Sex-linked character, an observable feature of an organism controlled by the genes on the chromosomes that determine the organism's sex. Simply, it is a trait expressed when a gene is located on a sex chromosome.
Did you know that you can be at risk to obtain certain conditions due to your sex? Yes, it is not a myth. Certain genes are found on your sex chromosomes that will influence your behaviour. To understand this, let us go back to the basics.
A human being is formed from the fusion of the male and female gamete. In humans, the gamete contains chromosomes that determines what you will look like. There are 46 chromosomes: 23 is obtained from the mother through the egg and the other 23 is derived from the sperm. The 23 chromosomes in one cell join together as matched pairs with the 23 in the other cell, so that genes for the same trait (such as height) are situated together on the same chromosome.
Out of this 46, 44 are called autosomal chromosomes/ autosomes whilst the remaining 2 are called sex chromosomes. It is these last 2 chromosomes that will determine if you will be a male or a female.
The sex chromosomes are represented by X and Y. An individual can either be an XX or XY. In humans and some species, females have two X chromosomes(XX) whilst males have one X chromosome and one Y chromosome(XY).
Hence, during fertilization (during the fusion of the egg and sperm), your mother can give only one of two XX chromosomes whilst the sperm given by the male (XY) can give either an X or Y. Thus, it is the sperm that ultimately depicts the gender of the baby. If a male gives a sperm that has an X chromosome, it will combine with the egg to give a female child but if it gives a Y, then a male child will be formed.
Once fertilization has occurred, the chromosomes find their corresponding pairs and attach. For instance, the chromosome that is responsible for complexion from the egg will attach to the other chromosome that is also accountable for complexion from the sperm. The combined effect of the 2 chromosomes for complexion is what will determine a person’s colour. This happens to only the 22 chromosomes from each gamete leaving the sex chromosomes.
This is because the X chromosome is much larger than the Y chromosome. Since it is larger, it naturally has room for more genes, which carry specific traits. Therefore, when the sex chromosomes pair off and an X chromosome matches up with a Y chromosome (to make a male), many of the genes on the X chromosome do not have matching partners on the Y chromosome. Since the X chromosome is larger and has space for genes that cannot fit on the smaller Y chromosome, males carry slightly less genetic information than females.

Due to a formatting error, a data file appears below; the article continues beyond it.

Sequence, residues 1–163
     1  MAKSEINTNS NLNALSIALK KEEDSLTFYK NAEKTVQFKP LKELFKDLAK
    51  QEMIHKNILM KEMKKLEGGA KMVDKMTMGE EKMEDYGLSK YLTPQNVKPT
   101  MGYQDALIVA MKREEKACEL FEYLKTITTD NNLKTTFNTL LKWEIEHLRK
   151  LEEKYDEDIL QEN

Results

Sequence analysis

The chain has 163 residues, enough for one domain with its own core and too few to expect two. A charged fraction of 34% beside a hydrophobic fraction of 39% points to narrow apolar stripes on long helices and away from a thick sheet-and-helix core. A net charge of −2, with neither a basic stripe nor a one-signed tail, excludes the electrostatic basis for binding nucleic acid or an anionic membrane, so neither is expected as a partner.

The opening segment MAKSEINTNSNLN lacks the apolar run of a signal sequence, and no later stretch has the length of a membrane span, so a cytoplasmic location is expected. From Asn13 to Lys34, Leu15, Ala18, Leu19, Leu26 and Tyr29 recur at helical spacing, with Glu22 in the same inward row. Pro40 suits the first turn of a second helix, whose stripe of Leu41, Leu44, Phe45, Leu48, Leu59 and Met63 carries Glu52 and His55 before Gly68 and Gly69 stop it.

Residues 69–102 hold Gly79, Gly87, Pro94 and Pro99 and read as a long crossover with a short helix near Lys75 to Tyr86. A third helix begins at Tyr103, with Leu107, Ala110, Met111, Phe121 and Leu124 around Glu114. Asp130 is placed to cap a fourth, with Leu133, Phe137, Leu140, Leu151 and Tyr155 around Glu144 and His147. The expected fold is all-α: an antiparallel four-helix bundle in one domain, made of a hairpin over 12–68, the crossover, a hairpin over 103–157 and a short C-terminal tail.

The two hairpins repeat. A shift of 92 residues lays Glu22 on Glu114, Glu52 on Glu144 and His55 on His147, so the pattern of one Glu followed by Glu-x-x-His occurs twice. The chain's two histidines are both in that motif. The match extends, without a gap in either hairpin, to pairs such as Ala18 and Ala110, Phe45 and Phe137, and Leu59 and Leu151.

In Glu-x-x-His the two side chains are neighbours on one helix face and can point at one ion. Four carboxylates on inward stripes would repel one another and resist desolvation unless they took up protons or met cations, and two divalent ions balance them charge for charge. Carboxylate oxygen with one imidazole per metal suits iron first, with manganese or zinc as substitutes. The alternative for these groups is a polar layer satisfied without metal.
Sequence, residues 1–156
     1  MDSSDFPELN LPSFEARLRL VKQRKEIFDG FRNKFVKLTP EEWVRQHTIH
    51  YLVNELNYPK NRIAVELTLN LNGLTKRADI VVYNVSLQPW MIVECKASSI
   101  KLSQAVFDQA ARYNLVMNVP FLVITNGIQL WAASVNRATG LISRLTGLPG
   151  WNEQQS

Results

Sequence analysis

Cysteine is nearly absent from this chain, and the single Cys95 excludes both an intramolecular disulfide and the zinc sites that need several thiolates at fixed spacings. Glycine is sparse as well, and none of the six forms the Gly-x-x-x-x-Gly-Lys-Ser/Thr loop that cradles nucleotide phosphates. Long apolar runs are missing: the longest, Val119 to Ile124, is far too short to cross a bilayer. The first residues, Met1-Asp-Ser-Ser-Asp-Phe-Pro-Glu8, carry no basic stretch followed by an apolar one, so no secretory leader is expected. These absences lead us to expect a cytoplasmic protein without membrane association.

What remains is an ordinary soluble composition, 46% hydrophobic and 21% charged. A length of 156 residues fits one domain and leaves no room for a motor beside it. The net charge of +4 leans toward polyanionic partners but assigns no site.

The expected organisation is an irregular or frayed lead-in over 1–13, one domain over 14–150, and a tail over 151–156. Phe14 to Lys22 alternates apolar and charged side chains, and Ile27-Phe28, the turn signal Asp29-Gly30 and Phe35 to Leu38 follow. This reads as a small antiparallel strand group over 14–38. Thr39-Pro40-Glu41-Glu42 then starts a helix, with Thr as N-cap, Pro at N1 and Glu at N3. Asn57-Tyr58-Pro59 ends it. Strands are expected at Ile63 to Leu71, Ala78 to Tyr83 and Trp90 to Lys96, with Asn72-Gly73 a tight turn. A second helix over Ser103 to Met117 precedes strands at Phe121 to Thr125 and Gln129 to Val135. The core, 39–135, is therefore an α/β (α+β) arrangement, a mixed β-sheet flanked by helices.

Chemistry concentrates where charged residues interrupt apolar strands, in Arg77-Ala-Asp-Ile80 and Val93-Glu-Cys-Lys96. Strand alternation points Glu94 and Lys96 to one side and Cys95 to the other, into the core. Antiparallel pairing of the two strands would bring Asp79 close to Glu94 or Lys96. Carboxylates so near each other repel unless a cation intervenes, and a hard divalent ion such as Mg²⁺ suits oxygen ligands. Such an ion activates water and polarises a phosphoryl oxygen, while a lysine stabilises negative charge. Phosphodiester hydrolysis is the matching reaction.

Thus, a male's sex chromosomes (XY) are different from a woman's (XX) and can carry fewer genes. This is very significant and will lead to different inheritance patterns between the sexes.
This implies that, if a female has a recessive genetic mutation(change) in one of her X chromosomes, the other X chromosome can override that change and make her live normally. However, if a male has a recessive genetic mutation(change) in the X chromosome, that mutation will affect him if the Y chromosome does not have a matching gene on it which is usually the case. Thus, if there is a gene on the X chromosomes of males which has no pairing on the Y chromosome, that gene will always be expressed.
Examples of such genes are baldness, colour blindness, haemophilia and so on. Ever wondered why guys find it difficult to identify colours? This is the reason.
It is the reduced ability to distinguish between different colours. The typical form of this condition is an inability to tell the colour green apart from the colour red. The condition is caused by a recessive gene carried on the X chromosome. This trait(characteristic) only shows up when there is no dominant gene to override it.
This is the reason why colour blindness shows up most often in males. If a female has an X chromosome with the defective gene carrying colour blindness, chances are her other X chromosome has a gene with normal vision, and she will not be colour blind. Males have no "other" X chromosome, and so whatever recessive gene they inherit on their one X chromosome is expressed. Thus, females can carry that gene but won’t express it unless both of their X chromosomes contain the defective gene.
A man is bald if he has only one gene for baldness, but a woman is bald if two genes are present. If ‘B’ presents a gene for baldness and ‘b’ for non-baldness, and the sex- influences are such that ‘B’ is dominant in men and recessive in women, the genotypes of various individuals will be :
It is a medical condition in which the blood does not clot normally during injuries making the sufferer bleed severely even from a slight injury. A condition such as this could lead to death if not attended to immediately. Unfortunately, it is caused by an abnormal gene on the X sex chromosome. Just like the other conditions, it can be overridden if there is another X chromosome to dominate it. However, if this condition is transferred to a male, there won’t be any X chromosome to offset it.
It is a group of inherited diseases that damage and weaken your muscles over time In muscular dystrophy, abnormal genes (mutations) interfere with the production of proteins needed to form healthy muscle. These genes are found on the X sex chromosomes. It uses the same mechanism as the others. There's no cure for muscular dystrophy. But medications and therapy can help manage symptoms and slow the course of the disease.
2. Biology discussion- Baldness. Retrieved from https://www.biologydiscussion.com/human-genetics/is-baldness-an-example-of-sex-linked-genes-genetics/67113
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